[Libreoffice-ux-advise] [Libreoffice] Suggestion and patch for "Confirmation of save format" dialog

Christoph Noack christoph at dogmatux.com
Mon Aug 15 14:45:50 PDT 2011

Hi Josh, Astron, all!

Astron, although you've already replied to this mail (thanks!), I'd like
to pick one point from Josh - there is nothing more I can do today ;-)

Am Montag, den 15.08.2011, 22:41 +0930 schrieb Josh Heidenreich:
> > ... Without a good reason, it is not much fun to break the
> > user's his workflow. So my proposal is to go ahead as soon as
> > possible ... and discuss such non-modal dialogs we need (and miss) quite
> > frequently. In our case, it could be saving to WhatEver format and then
> > telling him afterwards (for a few seconds) that ODF might have been the
> > better format.
> We have to be careful to not be condescending to the user though, or
> make them feel bad or guilty that they chose the "wrong" format. There
> is plenty of reasons to choose a non-odf format.

Maybe some misunderstanding at this point? In my opinion, the today's
dialog already tells our users that ODF is the better format - without
any good reason, because we don't really know.

> Really, I think we should all remember two things:
> 1. The best way to "fix" this dialog is to have the filters do a
> better job of saving in other formats. If it only came up for formats
> which actually destroyed formatting, like TXT, wouldn't that be great?
> We should always keep that as a primary goal rather than this dialog.

Yep, I totally second that - but that requires some changes within
LibreOffice/OpenOffice.org. The two things I've noticed over the years:
there is still misunderstanding/confusion what this dialog is about (or
why it disturbs without any good reason), and the technical limitation
of identifying serious issues (like destroyed formatting).

Because of the latter, people (including myself) had to "work around"
those technical limitations - resulting in this dialog, ambiguous clues,
broken workflows. Although we're not solving the root cause (which I'd
love to do), it is still better than people having screwed up documents.

> 2. This shouldn't be seen as an attack on developers of other
> projects, but there have been recent large changes in the Open
> Source/Free Software world, in regards to UI design (and also in
> propriety software), which have brought a lot of complaints for no
> reason. Lets not make changes for the sake of making changes. I'm not
> going to point the finger or anything, but I have noticed a lot of
> outcry about Gnome 3, KDE 4, Office ribbon, Ubuntu, Firefox, etc.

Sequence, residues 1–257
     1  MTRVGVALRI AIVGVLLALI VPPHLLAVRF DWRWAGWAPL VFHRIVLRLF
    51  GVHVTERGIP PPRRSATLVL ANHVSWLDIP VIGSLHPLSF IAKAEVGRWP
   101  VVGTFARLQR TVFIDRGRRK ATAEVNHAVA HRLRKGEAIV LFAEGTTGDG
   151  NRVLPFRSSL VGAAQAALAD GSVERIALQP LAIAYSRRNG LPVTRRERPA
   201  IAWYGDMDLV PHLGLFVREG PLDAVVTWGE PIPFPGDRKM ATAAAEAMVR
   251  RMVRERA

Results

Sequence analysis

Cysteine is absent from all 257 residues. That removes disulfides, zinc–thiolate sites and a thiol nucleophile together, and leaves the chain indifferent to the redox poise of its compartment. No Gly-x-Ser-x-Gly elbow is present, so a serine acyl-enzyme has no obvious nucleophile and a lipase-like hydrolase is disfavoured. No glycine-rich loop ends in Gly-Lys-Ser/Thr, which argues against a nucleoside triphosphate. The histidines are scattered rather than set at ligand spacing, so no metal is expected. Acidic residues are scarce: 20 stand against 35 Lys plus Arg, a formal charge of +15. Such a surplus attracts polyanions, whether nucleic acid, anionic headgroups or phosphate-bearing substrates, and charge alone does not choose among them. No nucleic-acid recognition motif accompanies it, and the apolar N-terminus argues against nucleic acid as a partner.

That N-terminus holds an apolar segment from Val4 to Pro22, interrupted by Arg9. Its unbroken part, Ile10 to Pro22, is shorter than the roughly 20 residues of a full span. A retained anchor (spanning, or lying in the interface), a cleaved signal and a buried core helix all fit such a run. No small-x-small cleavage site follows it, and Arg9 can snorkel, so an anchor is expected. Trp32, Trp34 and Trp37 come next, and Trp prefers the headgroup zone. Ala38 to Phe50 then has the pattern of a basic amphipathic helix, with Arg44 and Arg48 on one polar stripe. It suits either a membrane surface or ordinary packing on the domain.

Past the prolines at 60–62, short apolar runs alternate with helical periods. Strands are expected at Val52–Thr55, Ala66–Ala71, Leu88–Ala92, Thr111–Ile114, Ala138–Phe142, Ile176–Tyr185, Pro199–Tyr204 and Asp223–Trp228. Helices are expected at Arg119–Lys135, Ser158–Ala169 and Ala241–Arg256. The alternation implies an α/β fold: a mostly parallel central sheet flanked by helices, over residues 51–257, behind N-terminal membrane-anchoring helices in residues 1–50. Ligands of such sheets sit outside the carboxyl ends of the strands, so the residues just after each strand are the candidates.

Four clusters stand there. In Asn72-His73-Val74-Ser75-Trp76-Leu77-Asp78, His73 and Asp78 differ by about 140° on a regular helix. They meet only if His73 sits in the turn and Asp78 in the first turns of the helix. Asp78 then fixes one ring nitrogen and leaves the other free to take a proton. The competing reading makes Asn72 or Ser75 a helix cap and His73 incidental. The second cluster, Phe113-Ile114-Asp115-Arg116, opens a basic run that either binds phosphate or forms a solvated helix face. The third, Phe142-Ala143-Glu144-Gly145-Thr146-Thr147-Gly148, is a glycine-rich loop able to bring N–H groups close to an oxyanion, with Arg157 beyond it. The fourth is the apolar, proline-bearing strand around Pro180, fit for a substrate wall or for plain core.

> It seems to be popular at the moment to just make changes for the sake
> of it, and it really confuses and often annoys users. I'm not saying
> these projects are bad or we are going in the wrong direction, but we
> all need to vigilant to ensure we don't make fatal UI mistakes, and
> while non-modal may seem like the best thing from a UI design
> perspective, if it's not what users are expecting, it's still no good.

Wow, this would require a multi-dimensional answer ... but I don't know
whether this helps, since it seems to me that we are both on the same
side. Changes for the "sake of change" are bad for those who rely on
consistency and stability - especially in our "office productivity"
world. The word "productivity" is important here - the aim is to make
working with the software more efficient. And there is much we can do
(good and bad).

All of the products you've named do have some excellent UI solutions ...
and some introduced issues people are (for good reasons) unhappy with.
So the simple answer (example) is: design, test, iterate, ... implement
it for production use. Well, that requires time, skills, tools, and dev

And sometimes the right framework. Concerning our initial discussion
about the "Confirmation of save format" dialog, here is one example: the
non-modal messages. Every month, the answer on an issue is to turn it
into non-modal feedback. Every month it is said that for that (single)
problem it is not worth the effort. So, every month we go for a
sub-optimal solution. Since years. I consider this a real issue ...
although the possible solution might have changed over the years ([1]
shows a design I've started 4 years ago, scroll doooown, please).

Looking forward - what can we do? (My answer: go to sleep *g*)


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